The Yankees count 1,563 players who have donned the pinstripes over the years. Who among them has gained the most respect from fans? I nominate these three.
The Yankees, it is fair to say, that no Major League franchise boasts a more vibrant and more storied history. But it’s also fair to say though many have been called (1600 Yankees) few have been chosen.
Only four percent (64) of these Yankees have been inducted into the Baseball Hall Of Fame. Their plaques in Cooperstown speak mainly to each player’s accomplishments on the field.
And that’s the way it should be as baseball is a game of numbers.
But besides the numbers, there is another way of measuring the true greatness of a major league ballplayer.
Who are the Yankees who come to your mind when home runs, saves, W.A.R., wins, Cy Young’s, Silver Slugger awards, and the like are removed from the conversation?
Who then are the Yankees who command your respect because of the way they carried themselves on and off the field, and how they went about doing their job day to day – and year to year – with little or no emoting when they were “on stage.”
Following is what we’ll call a starter list of Yankees who have earned the respect of fans as well as their teammates for far more than the numbers they put up on the field. Please consider adding yours in the Comments Section below.
The Yankees “Lunchpail Man” – Don Mattingly
Crushed by chronic back pain, Don Mattingly was forced into retirement when he was only 34 in 1995. In his fourteen-year career, all with the Yankees, Mattingly never won that elusive title, missing the Yankees Run in the late 1990s by just one year.
But Don Mattingly carried his lunchpail to work every day as a New York Yankee, appearing in the Yankees lineup in 130 games or more nine times, despite the discomfort he felt almost every one of the 1,785 games he played.
Oh, the numbers were there.
Three finishes in the top five of the M.V.P. voting, including a win in 1984, a batting championship in the same year, six All-Star games, and nine Gold-Glove Awards all spell a player in the conversation but just short of the Hall Of Fame.
Still, he was always one of us…
There was a brief flurry of individualism by Don Mattingly when briefly engaged the Yankees in a protest when the team insisted that he remove all facial hair per still unwritten team policy.
Of interest, though, is that when Mattingly was appointed as manager of the Miami Marlins, he insisted on the same policy with his players. Ironically, it was Mattingly who later pulled the plug amidst wide-ranging protests.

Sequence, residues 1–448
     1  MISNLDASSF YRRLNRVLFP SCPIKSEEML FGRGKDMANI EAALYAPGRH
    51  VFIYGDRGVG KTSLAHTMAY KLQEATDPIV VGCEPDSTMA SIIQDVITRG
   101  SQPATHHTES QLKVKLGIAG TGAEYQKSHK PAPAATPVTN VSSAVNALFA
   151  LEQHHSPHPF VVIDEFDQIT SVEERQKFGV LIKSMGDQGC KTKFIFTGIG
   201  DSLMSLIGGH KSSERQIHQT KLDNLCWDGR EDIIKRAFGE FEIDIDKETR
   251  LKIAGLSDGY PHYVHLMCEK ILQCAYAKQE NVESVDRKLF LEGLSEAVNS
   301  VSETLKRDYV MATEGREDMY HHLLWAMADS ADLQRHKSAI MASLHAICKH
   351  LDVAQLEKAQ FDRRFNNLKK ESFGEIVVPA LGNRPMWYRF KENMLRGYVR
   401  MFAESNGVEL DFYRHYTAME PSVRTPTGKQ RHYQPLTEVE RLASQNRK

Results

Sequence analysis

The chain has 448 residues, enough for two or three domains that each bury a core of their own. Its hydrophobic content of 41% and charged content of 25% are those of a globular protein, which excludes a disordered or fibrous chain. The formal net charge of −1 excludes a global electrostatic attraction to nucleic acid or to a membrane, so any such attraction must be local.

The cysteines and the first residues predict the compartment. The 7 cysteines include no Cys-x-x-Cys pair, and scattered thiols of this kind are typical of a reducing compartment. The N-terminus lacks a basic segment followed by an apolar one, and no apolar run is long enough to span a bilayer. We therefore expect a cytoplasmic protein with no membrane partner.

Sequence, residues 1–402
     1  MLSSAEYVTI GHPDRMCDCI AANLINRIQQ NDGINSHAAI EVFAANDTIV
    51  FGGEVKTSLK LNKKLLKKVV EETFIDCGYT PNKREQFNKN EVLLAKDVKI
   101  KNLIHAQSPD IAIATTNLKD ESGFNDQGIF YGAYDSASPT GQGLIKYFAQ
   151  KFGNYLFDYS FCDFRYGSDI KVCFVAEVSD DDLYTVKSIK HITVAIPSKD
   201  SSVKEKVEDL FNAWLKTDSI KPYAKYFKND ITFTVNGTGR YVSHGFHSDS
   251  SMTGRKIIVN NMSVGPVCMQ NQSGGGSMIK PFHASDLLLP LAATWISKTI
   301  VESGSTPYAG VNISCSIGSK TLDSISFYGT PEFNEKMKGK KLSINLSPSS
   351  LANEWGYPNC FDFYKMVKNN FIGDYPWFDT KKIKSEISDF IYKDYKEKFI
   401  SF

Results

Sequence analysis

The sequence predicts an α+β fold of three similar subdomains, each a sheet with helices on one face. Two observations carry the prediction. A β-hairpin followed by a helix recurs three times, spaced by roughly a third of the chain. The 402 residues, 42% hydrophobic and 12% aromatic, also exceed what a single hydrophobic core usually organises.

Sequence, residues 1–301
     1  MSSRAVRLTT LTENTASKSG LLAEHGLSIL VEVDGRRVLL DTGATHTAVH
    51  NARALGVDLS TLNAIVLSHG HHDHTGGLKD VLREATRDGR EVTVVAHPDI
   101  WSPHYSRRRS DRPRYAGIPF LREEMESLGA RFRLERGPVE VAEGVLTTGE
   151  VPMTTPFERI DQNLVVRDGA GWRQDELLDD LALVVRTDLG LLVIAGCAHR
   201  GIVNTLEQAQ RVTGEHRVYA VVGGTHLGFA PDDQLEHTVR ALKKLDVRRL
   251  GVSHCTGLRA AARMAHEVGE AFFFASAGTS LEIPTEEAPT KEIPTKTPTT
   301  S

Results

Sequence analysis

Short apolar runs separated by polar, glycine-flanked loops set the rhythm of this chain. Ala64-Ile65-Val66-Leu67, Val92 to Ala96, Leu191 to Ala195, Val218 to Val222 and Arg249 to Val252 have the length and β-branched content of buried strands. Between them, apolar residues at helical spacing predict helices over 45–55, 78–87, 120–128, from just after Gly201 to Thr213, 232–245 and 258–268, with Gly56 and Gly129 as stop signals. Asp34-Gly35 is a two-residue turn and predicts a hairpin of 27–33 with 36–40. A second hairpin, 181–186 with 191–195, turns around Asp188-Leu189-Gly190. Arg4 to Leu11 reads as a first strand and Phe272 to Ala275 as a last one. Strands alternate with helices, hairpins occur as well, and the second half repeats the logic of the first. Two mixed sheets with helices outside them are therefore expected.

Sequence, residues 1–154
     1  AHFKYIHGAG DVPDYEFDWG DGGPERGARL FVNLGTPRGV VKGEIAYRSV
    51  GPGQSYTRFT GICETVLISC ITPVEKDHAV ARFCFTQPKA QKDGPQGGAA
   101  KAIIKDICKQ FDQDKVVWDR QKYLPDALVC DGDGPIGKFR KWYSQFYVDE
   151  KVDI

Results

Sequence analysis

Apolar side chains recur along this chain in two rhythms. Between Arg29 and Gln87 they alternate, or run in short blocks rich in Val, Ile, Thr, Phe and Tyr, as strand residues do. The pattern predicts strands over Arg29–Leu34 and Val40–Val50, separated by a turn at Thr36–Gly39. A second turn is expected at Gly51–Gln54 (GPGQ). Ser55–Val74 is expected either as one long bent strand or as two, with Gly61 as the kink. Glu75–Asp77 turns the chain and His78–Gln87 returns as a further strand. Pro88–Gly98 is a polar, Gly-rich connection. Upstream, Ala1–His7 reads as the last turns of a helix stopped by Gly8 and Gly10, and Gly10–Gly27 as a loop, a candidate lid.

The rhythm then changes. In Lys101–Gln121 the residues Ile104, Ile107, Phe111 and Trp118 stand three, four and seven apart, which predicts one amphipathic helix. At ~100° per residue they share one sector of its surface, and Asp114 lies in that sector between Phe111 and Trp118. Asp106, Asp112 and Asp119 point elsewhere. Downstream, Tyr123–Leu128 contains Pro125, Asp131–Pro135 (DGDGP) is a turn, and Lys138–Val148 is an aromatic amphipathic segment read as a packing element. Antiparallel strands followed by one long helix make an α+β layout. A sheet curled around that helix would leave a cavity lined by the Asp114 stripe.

Don Mattingly was always about the team comes first. And in that light, respect for him is gained when the man recognized his actions were hurting his Miami Marlins.
Many are called, but few are chosen – Don Mattingly did it, and is still doing it, the “right way.”
Yankees Put It In The Books Closer – Mariano Rivera
I submit that it is the respect for Mariano Rivera that put him over the top to become the first unanimous selection ever into the Baseball Hall Of Fame.
His gaudy numbers, especially in the postseason for the New York Yankees, made him an automatic inductee in 2019. But his story will always be about the man who was and still is Mariano Rivera.
Find a quote anywhere in which Rivera talks about himself and the five rings he garnered as the Yankees lights-out man in the bullpen – just one.
Mariano Rivera is a man of God, and we’ll let that go simply to state a fact. He does not, however, wear his religion on his sleeve as some are prone to do.
Instead, Rivera is awarded the highest one reserved for a civilian American – The Medal Of Freedom – presented in the White House last September.
Fittingly, Rivera, a Panamanian immigrant, seized that opportunity during the ceremony, to encourage other immigrants to learn English.
The cutter he threw broke the bats and hearts of many batters who faced him over the years, but – Mariano Rivera – transcends anything that ever happened on a baseball field.
It seemed like it was scripted to end this way…
Yankees Louisiana Good Ole Boy – Ron Guidry
To this day, Yankee’s lefty Ron Guidry is still a good ‘ole boy living and fishing in the Cajun country of Louisiana.
Fame and some fraction of fortune never changed him. It’s almost like he took a ride to pitch for the New York Yankees on a whim in the Big Apple – but his heart and, more importantly – his mind always remembered his roots.
Ron Guidry is a mainstay at the annual Yankees Old Timer’s Day, and the cheers are loud, but they usually fade quickly, just as Guidry seemed to sleepwalk his way through fourteen seasons with the Yankees.
Ron Guidry seemed to care about nothing except pitching a baseball, preferably in the major leagues.
The New York Yankees drafted him in the 3rd round of the 1971 MLB June Amateur Draft from the University of Louisiana at Lafayette (Lafayette, LA).
As Bruce Springsteen would later write and sing, “He could throw that speedball by you and make you look a fool.” And that he did, with an accent in 1978 when Guidry went 25-3 with a 1.74 ERA while tossing nine complete-game shutouts.
A picture is worth a thousand words…
What nobody knew about Ron Guidry, though, was something his teammates didn’t miss. Best expressed in this excerpt from sabr.org.
“I’ve always said Ron Guidry, pound for pound., was the fiercest competitor I ever played with. Nobody wanted to give him a chance when he came up. Too skinny, too small, they all thought. They couldn’t’ see what he had in the heart. He had a big one and a lot of determination.” — Willie Randolph1
An athlete whose D.N.A. is made from the lure of competition and the desire to win captures the very essence of what it means to be an American citizen.
Ron Guidry had that spirit, and that’s why he belongs in any list of Yankees earning a tag as “most respected”.